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‘Shoe-box shaped’ concert halls make music more emotional

Concert halls in the shape of a shoe-box help create the most emotional music, study suggests



Concert halls with a rectangular design, such as Vienna Musikverein, are most likely to produce sounds that make the hairs on the back of the audience’s neck stand up Photo: Alamy

When Sir Simon Rattle suggested London lacked a truly world-class concert hall, music-lovers may have been forgiven a patriotic bristle in support of its venues.

But it appears he was right all along, as a scientific study showed music played in concert halls on the continent evoked more emotional reactions than the capital’s star venues.

The best classical concert halls are shaped like a shoebox, according to a study, ruling out the likes of the Royal Festival Hall, Royal Albert Hall and the Barbican.

The Journal of the Acoustical Society of America reports those with the rectangular design, such as Vienna Musikverein or Berlin Konzerthaus, are most likely to produce sounds that make the hairs on the back of the audience’s neck stand up.

Berlin Konzerthaus

Dr Jukka Patynen, of Aalto University, Finland, said: “Some interpretations of the same music piece can evoke stronger emotions than others.

“Similarly, our study has succeeded in demonstrating the hall’s acoustics plays an important part in the overall emotional impact.

“After all, emotional experiences are a key factor in music to many listeners.”

Earlier research had shown the most moving pieces of music elicit shivers or goosebumps in the listener, and these reactions may even be detected from the variations in the electrical conductance of the skin.

Researchers presented 28 test subjects, whose ages ranged from 22 to 64, with an excerpt of Beethoven’s Symphony No 7.

The Royal Albert Hall   Photo: Getty

The actual experiment was carried out using a surround loudspeaker system in a listening room reproduced to mimic rectangular, or non-rectangular, concert halls of six European venues including Vienna Musikverein, Amsterdam Concertgebouw, Berlin Konzerhaus and Philharmonie, Cologne Philharmonie and Helsinki Music Centre.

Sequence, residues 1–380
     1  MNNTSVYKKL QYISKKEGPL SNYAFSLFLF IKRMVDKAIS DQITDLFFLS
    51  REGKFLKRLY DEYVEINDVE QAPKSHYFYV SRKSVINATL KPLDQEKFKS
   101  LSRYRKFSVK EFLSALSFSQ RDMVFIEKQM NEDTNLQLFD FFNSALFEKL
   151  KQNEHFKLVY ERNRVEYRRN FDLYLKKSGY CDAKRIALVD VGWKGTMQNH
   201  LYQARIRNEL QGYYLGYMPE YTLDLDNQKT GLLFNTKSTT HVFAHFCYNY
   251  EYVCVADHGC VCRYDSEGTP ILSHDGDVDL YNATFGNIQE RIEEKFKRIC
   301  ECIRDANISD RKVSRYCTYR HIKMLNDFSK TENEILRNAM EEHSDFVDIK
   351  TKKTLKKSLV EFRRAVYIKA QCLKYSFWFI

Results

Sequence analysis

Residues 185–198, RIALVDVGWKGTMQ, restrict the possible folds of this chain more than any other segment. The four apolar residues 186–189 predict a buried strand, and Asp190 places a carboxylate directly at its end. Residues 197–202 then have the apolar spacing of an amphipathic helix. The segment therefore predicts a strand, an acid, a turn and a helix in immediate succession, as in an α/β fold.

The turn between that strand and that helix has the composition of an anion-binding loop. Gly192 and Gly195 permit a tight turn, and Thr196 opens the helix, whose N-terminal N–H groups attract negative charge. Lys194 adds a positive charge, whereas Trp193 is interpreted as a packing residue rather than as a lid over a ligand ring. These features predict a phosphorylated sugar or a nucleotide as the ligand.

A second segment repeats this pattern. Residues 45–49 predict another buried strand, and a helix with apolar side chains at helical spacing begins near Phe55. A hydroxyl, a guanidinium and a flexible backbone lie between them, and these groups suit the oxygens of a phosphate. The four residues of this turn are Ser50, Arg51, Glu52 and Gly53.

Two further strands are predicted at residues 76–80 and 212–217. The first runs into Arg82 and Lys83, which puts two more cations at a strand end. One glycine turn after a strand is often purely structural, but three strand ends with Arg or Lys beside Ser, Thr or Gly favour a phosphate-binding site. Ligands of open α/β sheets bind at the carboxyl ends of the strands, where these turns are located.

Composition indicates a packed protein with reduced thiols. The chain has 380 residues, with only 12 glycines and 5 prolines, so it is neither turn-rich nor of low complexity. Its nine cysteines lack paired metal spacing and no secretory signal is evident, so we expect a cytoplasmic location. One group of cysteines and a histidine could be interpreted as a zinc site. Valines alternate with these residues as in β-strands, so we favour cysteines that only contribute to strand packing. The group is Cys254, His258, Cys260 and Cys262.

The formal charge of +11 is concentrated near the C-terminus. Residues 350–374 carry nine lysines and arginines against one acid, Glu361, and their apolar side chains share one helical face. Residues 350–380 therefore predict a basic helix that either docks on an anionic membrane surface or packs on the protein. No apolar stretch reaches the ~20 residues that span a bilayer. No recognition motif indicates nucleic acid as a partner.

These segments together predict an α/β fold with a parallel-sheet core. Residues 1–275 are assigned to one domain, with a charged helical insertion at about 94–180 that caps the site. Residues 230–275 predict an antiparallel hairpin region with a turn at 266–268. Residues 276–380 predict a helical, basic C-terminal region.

During listening, the skin was measured with sensors attached in the listeners’ fingers in order to record the magnitude of the emotional reactions to different acoustic conditions.

The results revealed an identical performance of the music evoked stronger impact when presented in the acoustics of shoebox type concert halls, such as Vienna Musikverein or Berlin Konzerthaus.

In a second, more conventional experiment, the participants were asked to choose the the halls that produced a higher overall impact on them, with Vienna Musikverein easily coming out ahead followed by Berlin Konzerthaus.

The results could bode well for a new concert hall proposed for London, which is currently in development.

Destined for the current site of the Museum of London, architects are already being consulted about a possible design, with a feasibility study confirming a hybrid of the “shoebox” and alternative “vineyard” styles is likely to be favoured.


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This entry was posted on March 25, 2016 by and tagged , .

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